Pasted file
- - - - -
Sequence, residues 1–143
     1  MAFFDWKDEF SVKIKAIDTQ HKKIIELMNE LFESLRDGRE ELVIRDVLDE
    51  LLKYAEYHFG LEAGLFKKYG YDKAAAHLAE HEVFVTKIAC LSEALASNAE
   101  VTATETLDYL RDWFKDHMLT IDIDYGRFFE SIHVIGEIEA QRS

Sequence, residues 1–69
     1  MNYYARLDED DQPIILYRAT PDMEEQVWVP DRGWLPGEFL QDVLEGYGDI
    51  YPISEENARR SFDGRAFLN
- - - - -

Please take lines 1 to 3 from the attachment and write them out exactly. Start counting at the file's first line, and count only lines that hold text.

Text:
Sequence, residues 1–143
     1  MAFFDWKDEF SVKIKAIDTQ HKKIIELMNE LFESLRDGRE ELVIRDVLDE
    51  LLKYAEYHFG LEAGLFKKYG YDKAAAHLAE HEVFVTKIAC LSEALASNAE